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Ministerial Statement: Partnerships for Recovery


Senator The Hon Marise Payne, Minister for Foreign Affairs, Minister for Women

11 February 2022

Since the COVID-19 pandemic began, we have seen its devastating health and economic impacts, both at home and in our region.

All countries have had to face the consequences of COVID-19, at the same time as our Indo-Pacific region is facing multiple challenges − ranging from rising strategic rivalry to humanitarian crises, each of which has been exacerbated by the pandemic. In our region, COVID-19 has had the greatest impact on developing countries.

In May 2020, I launched Partnerships for Recovery to guide Australia’s development response. It has ensured Australia is at the forefront of responses to COVID-19 in our region, standing shoulder-to-shoulder in partnership with our neighbours to save lives and livelihoods.

To deliver on our commitments under Partnerships for Recovery, the Government is providing an additional $1.1 billion through our official development assistance (ODA) program, on top of the current baseline annual ODA budget of $4 billion.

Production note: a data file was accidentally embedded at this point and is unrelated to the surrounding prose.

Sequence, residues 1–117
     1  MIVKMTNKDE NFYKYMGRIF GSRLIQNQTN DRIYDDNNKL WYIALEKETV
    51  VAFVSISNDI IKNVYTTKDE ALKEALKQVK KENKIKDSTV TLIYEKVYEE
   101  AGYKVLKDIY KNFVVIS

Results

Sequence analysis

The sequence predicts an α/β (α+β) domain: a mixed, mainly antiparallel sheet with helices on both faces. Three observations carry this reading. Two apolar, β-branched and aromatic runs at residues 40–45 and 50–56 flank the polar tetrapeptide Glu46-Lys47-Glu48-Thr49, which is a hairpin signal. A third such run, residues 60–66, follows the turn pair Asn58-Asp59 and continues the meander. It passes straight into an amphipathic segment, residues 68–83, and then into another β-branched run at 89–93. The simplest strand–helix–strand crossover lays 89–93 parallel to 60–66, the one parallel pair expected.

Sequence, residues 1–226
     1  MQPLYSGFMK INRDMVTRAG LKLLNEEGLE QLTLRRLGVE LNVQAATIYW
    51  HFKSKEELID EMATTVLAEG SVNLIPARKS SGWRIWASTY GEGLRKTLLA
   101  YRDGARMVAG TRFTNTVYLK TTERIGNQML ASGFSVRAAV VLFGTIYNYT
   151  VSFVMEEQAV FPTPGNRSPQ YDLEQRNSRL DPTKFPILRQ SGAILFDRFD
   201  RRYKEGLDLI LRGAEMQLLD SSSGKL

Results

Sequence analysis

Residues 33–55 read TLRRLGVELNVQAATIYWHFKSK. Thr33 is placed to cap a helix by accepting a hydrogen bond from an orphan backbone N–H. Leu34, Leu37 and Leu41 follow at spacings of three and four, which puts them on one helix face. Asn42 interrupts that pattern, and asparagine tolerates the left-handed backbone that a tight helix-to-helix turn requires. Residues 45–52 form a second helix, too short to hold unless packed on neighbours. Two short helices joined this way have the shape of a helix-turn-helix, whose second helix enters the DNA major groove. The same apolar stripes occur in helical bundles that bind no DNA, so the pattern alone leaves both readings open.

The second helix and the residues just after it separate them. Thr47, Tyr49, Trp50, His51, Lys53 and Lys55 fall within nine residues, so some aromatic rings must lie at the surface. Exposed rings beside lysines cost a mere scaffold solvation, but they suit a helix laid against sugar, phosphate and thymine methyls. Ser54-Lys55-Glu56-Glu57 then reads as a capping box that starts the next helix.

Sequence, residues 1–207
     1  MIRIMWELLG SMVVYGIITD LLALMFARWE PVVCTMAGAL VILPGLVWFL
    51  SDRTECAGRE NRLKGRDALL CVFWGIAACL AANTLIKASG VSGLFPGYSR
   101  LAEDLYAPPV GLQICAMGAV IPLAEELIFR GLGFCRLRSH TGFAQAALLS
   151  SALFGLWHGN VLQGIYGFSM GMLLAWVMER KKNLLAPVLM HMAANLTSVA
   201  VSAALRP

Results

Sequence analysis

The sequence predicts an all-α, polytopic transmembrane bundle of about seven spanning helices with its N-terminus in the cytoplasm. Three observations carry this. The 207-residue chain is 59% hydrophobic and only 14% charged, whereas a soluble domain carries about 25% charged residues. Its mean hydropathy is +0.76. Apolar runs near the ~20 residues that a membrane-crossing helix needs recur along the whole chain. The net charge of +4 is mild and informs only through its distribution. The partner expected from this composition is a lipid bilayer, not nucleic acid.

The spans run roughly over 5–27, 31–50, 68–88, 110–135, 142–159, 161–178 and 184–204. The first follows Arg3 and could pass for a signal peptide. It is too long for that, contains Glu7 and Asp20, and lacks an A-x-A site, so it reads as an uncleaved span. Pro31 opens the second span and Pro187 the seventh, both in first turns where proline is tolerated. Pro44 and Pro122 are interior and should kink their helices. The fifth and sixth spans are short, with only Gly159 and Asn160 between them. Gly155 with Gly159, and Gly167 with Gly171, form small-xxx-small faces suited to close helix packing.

We are partnering with countries in our neighbourhood as the pandemic continues to severely impact the social and economic fabric of our region. We have worked intensively to respond to their priorities and needs. We will continue to support the region’s economic recovery and support efforts to prevent resurgent poverty and inequality. In a region where crises can amplify instability, we are acting now to provide support where it is most needed.

Health security, particularly access to vaccines, is a very high priority in the pandemic. Australia is contributing $750 million and accelerating our sharing of 60 million vaccine doses with the Indo-Pacific by the end of 2022 – we have already shared more than 21 million with our neighbours so far.